If the Huawei ban means it can’t use ARM reference designs in its chipsets, it would be incredibly difficult and costly for the brand to replace them – and it may prove to be impossible, which would cast further doubt over the future of Huawei’s phone arm.
A Huawei spokesperson told the BBC: “We value our close relationships with our partners, but recognize the pressure some of them are under, as a result of politically motivated decisions.
“We are confident this regrettable situation can be resolved and our priority remains to continue to deliver world-class technology and products to our customers around the world.”
The upcoming Kirin 985 chipset is not believed to be affected, which would mean Huawei looks set to be able to release another cycle of smartphone before the ban truly causes issues, but partners and networks are already starting to react to the US’ trade license suspension.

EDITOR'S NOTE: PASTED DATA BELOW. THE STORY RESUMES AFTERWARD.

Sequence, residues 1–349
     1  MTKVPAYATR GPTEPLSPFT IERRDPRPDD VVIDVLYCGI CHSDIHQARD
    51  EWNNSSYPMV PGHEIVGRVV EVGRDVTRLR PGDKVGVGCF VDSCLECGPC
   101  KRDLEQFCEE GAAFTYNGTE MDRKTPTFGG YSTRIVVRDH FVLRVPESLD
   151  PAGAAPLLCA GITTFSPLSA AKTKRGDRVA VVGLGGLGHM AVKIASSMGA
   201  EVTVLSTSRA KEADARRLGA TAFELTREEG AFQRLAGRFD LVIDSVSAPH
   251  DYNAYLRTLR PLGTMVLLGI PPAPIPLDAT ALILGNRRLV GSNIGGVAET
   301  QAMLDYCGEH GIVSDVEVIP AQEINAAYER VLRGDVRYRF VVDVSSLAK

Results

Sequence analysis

However, the loss of ARM support might take a little longer to be felt than previously thought: Huawei has apparently been granted a permanent license over key ARM technology from a few months ago, after it saw potential trouble ahead.
This would allow it to keep using these key chip designs for the foreseeable future in its phones, laptops and infrastructure equipment, and the brand has also told TechRadar that it believes it can create ARM-based chipsets for use in its laptops as well, to replace any issues with Intel chip supply.
What about other brands? What does this mean for the wider smartphone world?
While these sanctions don’t currently affect other brands, the message being sent is clear: global politics can have dramatic implications for the manufacturing and marketing of consumer devices that have become indispensable for billions of people.
The Huawei news has sent the some technology stock prices downwards too, affecting the market as a result of the US ban.